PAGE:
Languages Effect on Abortion: Analytical Essay

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I started this paper with how language affects how people feel towards abortion then I read an article on the histories of abortion and how that affects what is being done now. Then I went on to another article that did an experiment to see if politics was apart of how people feel for abortion.

Languages Effect on Abortion

A study conducted in Poland had some interesting findings about pro-life and pro-choice languages. This study was conducted for the purpose of establishing how language affects peoples opinions of the public about abortion. When a woman is pregnant and she is pro-life she tends to use terms about the baby’s post-birth; such as, infant or baby, making it more personal and connected with her. When a woman is pro-choice, she tends to use underdeveloped terms such as fetus and embryo because it dehumanises the infant, making her less emotionally attached should she chose to abort. The authors of this article pointed out that when royalty was expecting, it was the “Royal Baby,” even pre-birth. Why would the media establish that their child was a baby even before birth, but argue that other women’s children are just fetuses, and not babies?

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A separate study was conducted by survey on how people look on abortion. They used the terms fetus for one study group (Group one) and child for the other study group (Group two). First they tested the two separate group’s knowledge about development or a fetus or baby. Then the next section was how willing those people would be to support abortion if it was for medical reasons. When the abortion was medical for reasons, Group One and Group Two voted very close to the same, for admissibility for the abortion. The next portion of the study was on elective abortion. It showed that Group 1 using the word Fetus, was more willing to support elective abortion. Group Two using the word “baby,” was one-third percent less likely to vote for abortion than Group One, showing that the wording chosen does influence what choice would make in that situation.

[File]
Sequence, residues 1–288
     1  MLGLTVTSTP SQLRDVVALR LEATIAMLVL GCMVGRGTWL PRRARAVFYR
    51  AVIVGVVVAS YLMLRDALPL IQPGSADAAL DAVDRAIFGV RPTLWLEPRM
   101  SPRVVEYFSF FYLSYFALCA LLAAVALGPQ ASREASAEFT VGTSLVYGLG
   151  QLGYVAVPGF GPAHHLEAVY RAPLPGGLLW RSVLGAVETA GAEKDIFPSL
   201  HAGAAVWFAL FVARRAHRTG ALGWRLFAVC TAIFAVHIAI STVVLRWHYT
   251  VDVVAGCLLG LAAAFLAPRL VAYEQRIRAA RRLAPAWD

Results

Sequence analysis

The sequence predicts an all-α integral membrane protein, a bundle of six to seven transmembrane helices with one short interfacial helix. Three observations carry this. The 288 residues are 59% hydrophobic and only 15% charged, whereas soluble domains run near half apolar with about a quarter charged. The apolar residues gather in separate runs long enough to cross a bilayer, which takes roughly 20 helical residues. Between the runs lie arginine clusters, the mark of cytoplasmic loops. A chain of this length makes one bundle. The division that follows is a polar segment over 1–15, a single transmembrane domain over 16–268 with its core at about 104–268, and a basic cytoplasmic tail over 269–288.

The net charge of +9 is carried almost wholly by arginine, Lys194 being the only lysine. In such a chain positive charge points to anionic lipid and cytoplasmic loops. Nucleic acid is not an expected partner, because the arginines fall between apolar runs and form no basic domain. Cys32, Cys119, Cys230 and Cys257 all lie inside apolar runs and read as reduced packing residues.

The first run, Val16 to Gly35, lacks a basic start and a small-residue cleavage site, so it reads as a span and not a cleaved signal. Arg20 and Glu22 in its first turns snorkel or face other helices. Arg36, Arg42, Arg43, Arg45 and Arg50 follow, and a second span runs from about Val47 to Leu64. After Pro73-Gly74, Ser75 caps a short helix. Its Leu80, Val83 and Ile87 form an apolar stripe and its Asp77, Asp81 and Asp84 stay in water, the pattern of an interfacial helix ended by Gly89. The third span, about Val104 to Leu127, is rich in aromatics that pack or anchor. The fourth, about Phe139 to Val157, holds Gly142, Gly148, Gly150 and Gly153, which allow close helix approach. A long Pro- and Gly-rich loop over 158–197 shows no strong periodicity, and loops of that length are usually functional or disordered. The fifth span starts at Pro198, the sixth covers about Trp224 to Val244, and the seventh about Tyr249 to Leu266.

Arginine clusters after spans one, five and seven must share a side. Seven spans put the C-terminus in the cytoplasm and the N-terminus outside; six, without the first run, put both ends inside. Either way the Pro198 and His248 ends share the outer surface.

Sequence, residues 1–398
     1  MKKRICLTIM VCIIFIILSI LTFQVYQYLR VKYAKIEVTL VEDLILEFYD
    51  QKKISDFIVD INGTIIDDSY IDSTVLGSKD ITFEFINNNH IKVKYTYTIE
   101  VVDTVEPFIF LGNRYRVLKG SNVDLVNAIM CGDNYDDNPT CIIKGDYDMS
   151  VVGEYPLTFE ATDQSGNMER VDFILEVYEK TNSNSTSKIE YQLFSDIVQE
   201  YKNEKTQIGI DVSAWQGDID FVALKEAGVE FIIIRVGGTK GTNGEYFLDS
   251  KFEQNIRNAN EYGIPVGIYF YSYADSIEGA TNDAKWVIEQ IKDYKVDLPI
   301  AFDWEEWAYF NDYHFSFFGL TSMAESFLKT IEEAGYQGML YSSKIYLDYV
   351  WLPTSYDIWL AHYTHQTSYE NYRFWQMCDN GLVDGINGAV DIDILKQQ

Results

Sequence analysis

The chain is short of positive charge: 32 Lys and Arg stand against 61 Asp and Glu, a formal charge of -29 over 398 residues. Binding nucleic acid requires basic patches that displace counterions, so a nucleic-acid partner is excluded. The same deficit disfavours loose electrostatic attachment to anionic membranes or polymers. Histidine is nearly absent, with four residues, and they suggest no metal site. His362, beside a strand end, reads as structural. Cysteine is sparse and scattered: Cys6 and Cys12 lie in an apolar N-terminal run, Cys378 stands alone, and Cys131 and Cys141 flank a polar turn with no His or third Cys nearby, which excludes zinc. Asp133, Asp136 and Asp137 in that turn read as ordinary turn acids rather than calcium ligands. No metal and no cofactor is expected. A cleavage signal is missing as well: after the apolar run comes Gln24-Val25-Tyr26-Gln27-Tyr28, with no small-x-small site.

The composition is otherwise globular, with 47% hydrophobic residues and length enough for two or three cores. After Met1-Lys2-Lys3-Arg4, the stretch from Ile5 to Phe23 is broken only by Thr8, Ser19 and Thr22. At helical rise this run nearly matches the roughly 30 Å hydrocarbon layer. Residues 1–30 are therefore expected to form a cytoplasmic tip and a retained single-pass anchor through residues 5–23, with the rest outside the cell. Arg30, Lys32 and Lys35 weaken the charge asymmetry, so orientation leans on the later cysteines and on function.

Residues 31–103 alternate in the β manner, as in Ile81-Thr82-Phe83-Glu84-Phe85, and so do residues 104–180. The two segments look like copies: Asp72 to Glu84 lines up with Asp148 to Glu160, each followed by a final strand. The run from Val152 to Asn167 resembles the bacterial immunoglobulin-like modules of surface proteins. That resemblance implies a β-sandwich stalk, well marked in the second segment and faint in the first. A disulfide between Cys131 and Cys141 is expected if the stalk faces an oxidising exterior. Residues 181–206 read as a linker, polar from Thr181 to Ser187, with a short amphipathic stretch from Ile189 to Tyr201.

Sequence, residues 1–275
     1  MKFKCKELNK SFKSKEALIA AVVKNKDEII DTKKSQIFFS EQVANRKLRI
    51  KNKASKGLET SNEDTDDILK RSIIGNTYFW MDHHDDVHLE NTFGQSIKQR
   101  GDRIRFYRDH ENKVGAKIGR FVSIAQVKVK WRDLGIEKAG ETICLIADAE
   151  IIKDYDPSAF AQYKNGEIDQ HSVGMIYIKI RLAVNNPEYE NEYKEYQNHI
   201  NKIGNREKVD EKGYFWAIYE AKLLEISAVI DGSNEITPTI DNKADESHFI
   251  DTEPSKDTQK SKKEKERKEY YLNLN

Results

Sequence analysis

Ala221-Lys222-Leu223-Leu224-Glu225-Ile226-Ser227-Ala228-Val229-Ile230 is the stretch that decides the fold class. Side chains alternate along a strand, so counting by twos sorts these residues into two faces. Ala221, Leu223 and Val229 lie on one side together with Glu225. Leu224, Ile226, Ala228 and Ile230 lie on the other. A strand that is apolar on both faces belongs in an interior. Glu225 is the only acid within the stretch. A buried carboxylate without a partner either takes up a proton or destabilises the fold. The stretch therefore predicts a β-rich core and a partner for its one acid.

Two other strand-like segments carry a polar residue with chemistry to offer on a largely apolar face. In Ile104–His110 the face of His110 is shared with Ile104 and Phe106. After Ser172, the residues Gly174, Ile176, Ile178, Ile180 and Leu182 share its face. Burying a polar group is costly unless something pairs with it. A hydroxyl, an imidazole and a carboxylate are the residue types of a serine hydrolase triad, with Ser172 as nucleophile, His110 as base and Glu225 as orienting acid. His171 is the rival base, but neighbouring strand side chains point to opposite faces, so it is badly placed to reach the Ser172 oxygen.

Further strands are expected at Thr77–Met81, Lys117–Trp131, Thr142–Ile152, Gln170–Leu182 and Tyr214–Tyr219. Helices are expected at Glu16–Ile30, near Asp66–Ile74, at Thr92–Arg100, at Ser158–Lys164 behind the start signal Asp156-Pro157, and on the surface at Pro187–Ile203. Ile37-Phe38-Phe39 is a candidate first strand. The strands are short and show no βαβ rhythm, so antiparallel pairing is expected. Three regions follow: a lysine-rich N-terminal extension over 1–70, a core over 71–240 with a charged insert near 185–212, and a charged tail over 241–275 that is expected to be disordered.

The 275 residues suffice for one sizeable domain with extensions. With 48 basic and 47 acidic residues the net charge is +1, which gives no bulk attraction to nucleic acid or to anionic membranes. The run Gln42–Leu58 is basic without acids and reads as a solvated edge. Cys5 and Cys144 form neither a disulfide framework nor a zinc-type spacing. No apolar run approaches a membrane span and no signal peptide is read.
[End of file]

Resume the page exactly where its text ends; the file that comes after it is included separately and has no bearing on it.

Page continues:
Abortion Culture War in the United States.

Throughout the history of abortion, studies show that the republican party has affected

the legality of abortions. Maier says that an overwhelming majority of forty-six states have laws restricting abortion. The laws are waiting periods, reduction of legal time frames, prohibition of abortion-inducing medications, abortion prohibitions for private insurances, and Targeted Regulations of Abortion Providers, further known as TRAP. For example, North Dakota in 2016 has a law passed that has a six weeks limit on legal abortion, when a fetal heartbeat can be detected, but before most women know that they are pregnant. Thirty-four states have curbed private insurance policies for abortion, making it even harder for women to receive an abortion (Maier, 2017).

“The Hyde Amendment has prohibited public funding for abortion since 1976, so Planned Parenthood and other private health care clinics are often the only reproductive health care clinics available to these low-income women. Cutting economic lifelines to these clinics guarantees reduced access to legal abortion” (Guttmacher Institute, 2016). Over the past few years, a strategy of isolating the abortion provider is not only including TRAP laws but also pushes to fully defund Planned Parenthood on state and federal levels. It didn’t seem likely that Planned Parenthood would be defunded in the short term, until the Electoral College victory of President Donald Trump, along with the Republican majority in both houses of Congress, but after the fact they would end up needing to use most of their funding defensively.